The most radical such book is Louis Gould’s X: A Fabulous Child’s Story. It’s out of print, but Julia Mickenberg and I reprinted it in Tales for Little Rebels, along with some other anti-sexist tales (and left-leaning stories of various political inclinations). You’ll also enjoy Jay Williams’ work: The Practical Princess, Philbert the Fearful. And, of course, Lindgren’s Pippi Longstocking, and Burton’s Katy and the Big Snow. Some more recent work includes Luke Pearson’s excellent comics/graphic-novels-for-children starring Hilda, such as Hilda and the Midnight Giant. And Suzy Lee’s beautiful, wordless, Shadow. And her Wave. For non-stereotypical male characters, I’d point to Andy Runton’s Owly books, and Crockett Johnson’s Harold books. They’re both thoughtful characters, not aggressive. I think Kevin Henkes’ work has already been mentioned above, but of course Owen is a strong example.

  5. Molly
    Posted 30 July 2013 at 1:47 PM | Permalink

    Thanks, everybody, for these awesome additions!

  6. Becky
    Posted 30 July 2013 at 4:35 PM | Permalink

    I suppose I’m pleasantly surprised to see Cynthia Rylant here. I love her books about Henry and Mudge, but I have found that series and particularly the Annie and Snowball series to be reinforcing of gender stereotypes.

    If you’re looking for longer books with non-stereotypical male protagonists, the Frog and Toad series by Arnold Lobel is really good.

    On the picture book end of the spectrum, If You Give a Moose a Muffin has male protagonists baking and sewing, which is pretty cool.

  7. Lara
    Posted 31 July 2013 at 7:24 AM | Permalink

    Gooney Bird Green (series) — these are a pleasure to read out loud. Sweet portraits of a 2nd grade class, with an unconventional heroine (Pippi-like sensibility).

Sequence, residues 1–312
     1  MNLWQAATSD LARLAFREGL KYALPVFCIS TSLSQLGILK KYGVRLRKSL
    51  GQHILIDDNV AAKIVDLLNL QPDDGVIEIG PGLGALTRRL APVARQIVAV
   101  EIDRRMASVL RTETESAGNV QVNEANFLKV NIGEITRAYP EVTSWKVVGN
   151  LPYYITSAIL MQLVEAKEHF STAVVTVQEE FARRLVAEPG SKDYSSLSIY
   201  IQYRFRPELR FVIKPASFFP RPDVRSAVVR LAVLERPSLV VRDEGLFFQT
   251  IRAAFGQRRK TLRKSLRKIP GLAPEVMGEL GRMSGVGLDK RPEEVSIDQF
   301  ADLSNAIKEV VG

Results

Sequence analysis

Franny K Stein, Mad Scientist (series) — goofy, not fine lit, but how many books feature a girl mad scientist?

  8. Christy
    Posted 1 August 2013 at 4:00 PM | Permalink

    Great list, we love so many of those titles! I recommend Turtle in Paradise, by Jennifer Holm. Main character is an awesome girl, and the boys have a babysitting service with a highly sought-after secret diaper rash formula. Happy reading!

  9. Posted 12 August 2013 at 11:38 PM | Permalink

    I’m a bit late on this, but I still wanted to share a few that stood out to me. :)

    Giants Beware by Jorge Aquirre – Graphic novel adventure with anon-girly girl as the main character, a princess type who learns she is more than a princess, and a boy who decides to be a chef.

    Princess Knight by Cornelia Funke – A picture book about a girl who competes for her own hand in marriage.

    What Mommies Do Best/What Daddies Do Best by Laura Numeroff – Two stories with exactly the same text. Turns out mommies and daddies do the exact same things. :)

    Just Grace by Charise Mericle Harper – In first person narration, Grace talks about “boy stuff” and “girl stuff” and admits that she likes drawing cartoons, which is a boy thing.

    Fire Engine for Ruthie by Leslea Newman – Nana suggests that they play tea party, but Ruthie wants to play trucks.

    Oliver Button is a Sassy by Tomie De Paola – A little boy is teased for his interests in art and drawing.

    Love That Dog by Sharon Creech – A boy thinks poetry is for girls, but he finds that poetry isn’t so girly after all.